For the traffickers, for those who facilitate slavery, and for those who buy their illicit services…would you frustrate their efforts. Bring them down and take them out. Bring them to justice. Change their hearts so they will forsake their ways, we pray.
And for those like ourselves who have the power to help, because it is often through ordinary people that you choose to bring about extraordinary change—faith communities, potential donors of money and wisdom and time—please stir our consciences, enflame our hearts, call us to action. Show us what it means to do justly, to love mercy, and to walk humbly with you. Show us what it means to respond compassionately and decisively on behalf of those who need help and rescue. Show us what it means to freely give love away, just as we have ourselves freely received love from Jesus, the One who was exploited and handled and sold to his oppressors for thirty pieces of silver so that we could be saved from everything that’s wrong with us, and also from everything that’s wrong with the world—Jesus, by whose stripes we are healed. It is in his powerful name that we pray. Amen.
I did some research today and found several other prayer guides and devotionals specifically related to justice issues. The links are below:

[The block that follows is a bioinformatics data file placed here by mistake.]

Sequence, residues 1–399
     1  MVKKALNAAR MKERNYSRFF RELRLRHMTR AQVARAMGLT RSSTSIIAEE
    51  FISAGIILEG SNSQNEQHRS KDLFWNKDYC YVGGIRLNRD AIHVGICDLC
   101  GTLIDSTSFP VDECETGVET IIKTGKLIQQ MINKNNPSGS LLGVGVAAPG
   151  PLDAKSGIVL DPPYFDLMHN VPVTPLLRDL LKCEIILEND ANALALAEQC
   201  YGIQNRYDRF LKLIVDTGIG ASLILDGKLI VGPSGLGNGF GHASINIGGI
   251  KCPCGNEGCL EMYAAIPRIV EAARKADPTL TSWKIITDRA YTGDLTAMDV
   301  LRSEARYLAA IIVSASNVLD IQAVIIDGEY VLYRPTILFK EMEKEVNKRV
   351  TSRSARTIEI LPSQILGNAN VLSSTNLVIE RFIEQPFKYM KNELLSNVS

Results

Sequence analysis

The film featured activists such as Gary Haugen of the International Justice Mission, David Batstone of Not for Sale, Dr. Kevin Bales of Free the Slaves; public figures such as Madeleine Albright, Dr. Cornel West, and Ambassador John Miller; author Nicholas Kristof (Half the Sky); celebrity activists such as Julia Ormond, Ashley Judd, and Daryl Hanna; and musicians Cold War Kids, Switchfoot, Moby, Talib Kweli, Natasha Bedingfield (among many others).
The film is now eight years old, but it is still very relevant. The number of slaves at its making–27 million slaves–is no less today, and the call for an abolitionist movement is needed. There is plenty of commentary on this documentary, so I don’t necessarily want to comment on it, other than to say that if you get the chance to view it, you should.
There were, of course, parts of the video that horrified me yet again with facts I already knew but often try to forget. Reading that children as young as seven are used as sex slaves is far different than seeing a video of a little girl tell about what she has to do on a daily basis.
The activists and celebrities in the film were passionate and articulate. Here are a few quotes that jumped out at me:
Ambassador John Miller spoke about the fact that the abolitionists in England were fighting against a slave trade that was not only legal but was considered moral by many of the ruling class. He then said: “We need a 21st century abolitionist movement” with the same courage and outrage.
Ashley Judd, on moving on from indignation–which she said almost all of us feel when we hear about this terrible issue: “Every person has the spiritual responsibility of cultivating that indignation till it creates action.”
Ashley Judd, speaking about the labor slavery that is often used to produce our clothes, our technology, etc.: “I don’t want to wear someone’s despair.”